A striking early view of Bangkok, Thailand, issued in 1828 shortly following John Crawfurd's diplomatic mission to the royal courts of Siam. The view looks eastward across the Chao Phraya River towards what is today Bangkok's Chinatown. Chinese riverfront shops line the Chao Phraya. Dusit Maha Prasat, King Rama I's (1737 - 1809) great throne hall, built in 1789, rising in the background. A large Chinese junk occupies the foreground.
Crawfurd on Bangkok
When Crawfurd arrived Bangkok it was not yet an exceptionally large city, but nonetheless had been made capitol of Siam in 1782 by Rama I. The larger population center and old capital was further north at Ayutthaya. Crawfurd dedicates significant attention to the city,
Bangkok extends along the banks of the Manam, to the distance of about two miles and a half; but it is of no great breadth, probably not exceeding one mile and a half. The principal portion of the town is on the left bank of the river, where the palace is situated. The accounts which we received of it population were very vague and little to be relied on. Some of them made it amount to as much as one hundred and fifty thousand. Judging by the extent of ground on which it stands, I should not be disposed to estimate the inhabitants at more than one-third of this number.
Census and Publication History
The map view drawn by the mysterious H.A.C. in late 1822 or early 1823, but was not printed until John Crawfurd included it in the 1828 publication of his Journal of an Embassy from the Governor-General of India to the courts of Siam and Cochin-China: exhibiting a view of the actual state of those kingdoms.
. It was engraved in London by John Heaviside Clark and was published by Henry Colburn. The view was included in all editions of Crawfurd's work, but is rarely found separately and is scarce to the market.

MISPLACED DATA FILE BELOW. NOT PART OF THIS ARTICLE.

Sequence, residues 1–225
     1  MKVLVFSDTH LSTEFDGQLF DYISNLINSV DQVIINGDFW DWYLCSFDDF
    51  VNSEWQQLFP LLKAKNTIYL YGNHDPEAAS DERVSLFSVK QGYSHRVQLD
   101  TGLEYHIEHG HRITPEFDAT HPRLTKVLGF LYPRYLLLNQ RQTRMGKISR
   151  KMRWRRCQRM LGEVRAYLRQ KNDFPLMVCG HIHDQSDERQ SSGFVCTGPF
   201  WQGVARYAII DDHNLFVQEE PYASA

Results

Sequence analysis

John Heaviside Clark (December 7, 1771 - October, 1863), a.k.a. 'Waterloo Clark', was a Scottish engraver and painter active in Edinburgh and London in the first half of the 19th century. Clark was born in Edinburgh, Scotland. He specialized sea and landscape acquaints. He is best known for his sketches of the Battle of Waterloo (1815) made first-hand on the field of battle - earning him the nickname 'Waterloo Clark. Clark specialized sea and landscape aquatints, which were regularly exhibited at the Royal Academy between 1801 and 1732. He was the author of A practical essay on the art of Colouring and Painting Landscapes, with illustrations, published in 1807, and A practical Illustration of Gilpin's Day, 1824. Clark died in Edinburgh in 1863. Learn More...
Henry Colburn (1784 - August 16, 1855) was a British publisher. Colburn started off in the publishing profession in the Albemarle Street shop of William Earle, a bookseller in London. His next move was to become an assistant at a circulating library on Conduit Street called Morgan's Library, which he took over in 1816. Eventually he signed this business over to Messrs. Saunders and Otley and opened his own publishing firm. He gained initial success with the roman à clef novel Glenavron by Lady Caroline Lamb and which was published in 1816. It went through four editions and sold well. Colburn later expanded on the success of Glenavron and published a series of so-called 'Silver Fork Novels', a series of books that afforded readers the thrill of peering into the lives of rich and aristocratic families. Colburn also started several periodicals, including the New Monthly Magazine, the Literary Gazette, the earliest weekly newspaper dedicated to literature, science, and the arts. Colburn married twice. His second marriage was to Eliza Anne, who survived him. Learn More...
Crawfurd, J., Journal of an Embassy from the Governor-General of India to the courts of Siam and Cochin-China: exhibiting a view of the actual state of those kingdoms, (London: H. Colburn), 1828.
Very good. Slight wear on original fold lines.
Andaya, B. W., and Andaya, L. Y., A History of Early Modern Southeast Asia, 1400 - 1830, page, 322, fig. 7.4.